Isocrates. “Antidosis.” Isocrates with an English Translation in three volumes Ed. and Trans. by George Norlin. Perseus Digital Library. N.d. Tufts University. Web. 24 January 2014.


I found this copy of “Antidosis” on the Perseus Digital Library; it is listed under Isocrates through the Greek and Roman Materials, but it is not easy to find through the search bar. The Greek and Roman Materials archive has both the Greek version and the English translation, which, while not necessarily helpful to students, adds a certain gravitas to the work itself. The website breaks up the piece by paragraph, with footnotes following just below. The footnotes make it an excellent reference for close reading. The text is searchable by keyword, but it is not very “skimable” because of the small flashes of material available at one time.


Isocrates. “Antidosis.” University of Mary-Harlan Baylor Library. N.d. University of Mary-Harlan Baylor. Web. 24 January 2014.


This copy of “Antidosis” is a downloadable Word document. I found it by searching “Antidosis full text” on Google, and UMHB hosts this copy for educational use through Perseus. The format of the piece makes it easy to save and revisit, and the Ctrl+F function is available for the document to search for key terms. While the document and the search locations both say that the text comes from Perseus, there is no indication of a translator or a collected volume for this work, contrasting the ease of downloading the document with less identifiable credibility.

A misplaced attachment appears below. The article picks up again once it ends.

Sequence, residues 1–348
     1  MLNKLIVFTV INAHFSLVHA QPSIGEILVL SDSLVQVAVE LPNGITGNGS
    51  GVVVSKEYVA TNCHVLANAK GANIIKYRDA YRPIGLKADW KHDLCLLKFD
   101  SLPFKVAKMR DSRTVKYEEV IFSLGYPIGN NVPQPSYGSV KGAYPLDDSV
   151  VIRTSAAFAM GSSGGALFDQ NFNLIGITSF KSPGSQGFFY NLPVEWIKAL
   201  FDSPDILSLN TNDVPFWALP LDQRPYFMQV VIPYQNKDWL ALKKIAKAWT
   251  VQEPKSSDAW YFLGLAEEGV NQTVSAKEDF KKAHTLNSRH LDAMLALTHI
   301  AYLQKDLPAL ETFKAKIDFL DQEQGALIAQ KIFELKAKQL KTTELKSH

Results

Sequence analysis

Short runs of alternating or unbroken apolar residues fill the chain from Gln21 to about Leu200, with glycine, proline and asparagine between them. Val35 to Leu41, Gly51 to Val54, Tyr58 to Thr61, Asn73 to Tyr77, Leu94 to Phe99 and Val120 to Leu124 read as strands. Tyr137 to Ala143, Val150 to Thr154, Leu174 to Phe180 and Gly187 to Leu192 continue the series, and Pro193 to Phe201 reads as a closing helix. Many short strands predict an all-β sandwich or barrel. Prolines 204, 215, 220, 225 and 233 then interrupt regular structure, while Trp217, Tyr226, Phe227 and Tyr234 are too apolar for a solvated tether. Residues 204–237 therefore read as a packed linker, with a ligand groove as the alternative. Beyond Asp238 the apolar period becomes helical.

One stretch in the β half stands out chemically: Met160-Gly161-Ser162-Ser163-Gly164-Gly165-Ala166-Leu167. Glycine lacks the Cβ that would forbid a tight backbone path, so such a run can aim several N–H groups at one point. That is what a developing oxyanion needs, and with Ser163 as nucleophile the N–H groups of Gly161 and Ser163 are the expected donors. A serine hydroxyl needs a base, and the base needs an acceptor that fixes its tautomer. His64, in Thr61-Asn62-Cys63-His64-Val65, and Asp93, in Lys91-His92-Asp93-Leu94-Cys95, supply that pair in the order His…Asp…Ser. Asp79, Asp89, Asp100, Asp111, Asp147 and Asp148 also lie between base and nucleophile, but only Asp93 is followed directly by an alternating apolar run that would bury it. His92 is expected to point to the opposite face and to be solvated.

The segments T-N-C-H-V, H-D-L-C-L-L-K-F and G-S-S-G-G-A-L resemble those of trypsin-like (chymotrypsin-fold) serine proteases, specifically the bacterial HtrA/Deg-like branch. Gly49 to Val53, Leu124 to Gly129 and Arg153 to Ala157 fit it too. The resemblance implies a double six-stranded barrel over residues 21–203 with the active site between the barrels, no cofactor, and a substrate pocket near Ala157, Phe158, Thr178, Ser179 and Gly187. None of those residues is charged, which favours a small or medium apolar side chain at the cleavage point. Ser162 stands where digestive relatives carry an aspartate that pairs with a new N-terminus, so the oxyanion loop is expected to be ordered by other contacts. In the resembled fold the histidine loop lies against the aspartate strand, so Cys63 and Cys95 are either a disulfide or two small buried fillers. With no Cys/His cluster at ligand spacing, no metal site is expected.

Isocrates. “Antidosis.” Isocrates with an English translation. Ed. George Norlin. N.d. Internet Archive. Web. 24 January 2014.


This is the same translation by George Norlin that is hosted on the Perseus Digital Archive, but this version is in one continuous body of text from Norlin’s entire book, not just this piece. This means that in order to find “Antidosis,” a reader must use the Ctrl+F function and scroll down to the piece. The piece is also in one continuous piece of text rather than broken up by paragraph. The full page of text makes this version better for skimming than for close reading. While the keyword search is helpful, the fact that a reader may have to scroll through multiple instances of a keyword to even get to the right piece of writing makes this version very cumbersome.


Benoit, William. “Isocrates and Aristotle on Rhetoric.” Rhetoric Society Quarterly 20.3 (Summer 1990): 251-259.


William Benoit, in his article “Isocrates and Aristotle on Rhetoric” (1990), suggests that comparing Isocrates’ and Aristotle’s views on rhetoric can give a fuller picture of the role of rhetoric during their overlapping teaching years. Benoit begins by describing the philosophies of the Sophists and Plato—Isocrates having often been considered a Sophist and Aristotle having been a student of Plato—in order to locate Isocrates’ and Aristotle’s philosophies as similar, though not identical, compromises between these two extremes. His purpose is to further explorations into the philosophical relationships between the prominent Classical figures in order to add to previous scholarship comparing Plato and Aristotle and Plato and Isocrates, but never Aristotle and Isocrates. Benoit writes to academics in the rhetoric field already involved in analysis of Greek and Roman rhetors, contributing to existing conversations surrounding the philosophical and epistemological theories of the time.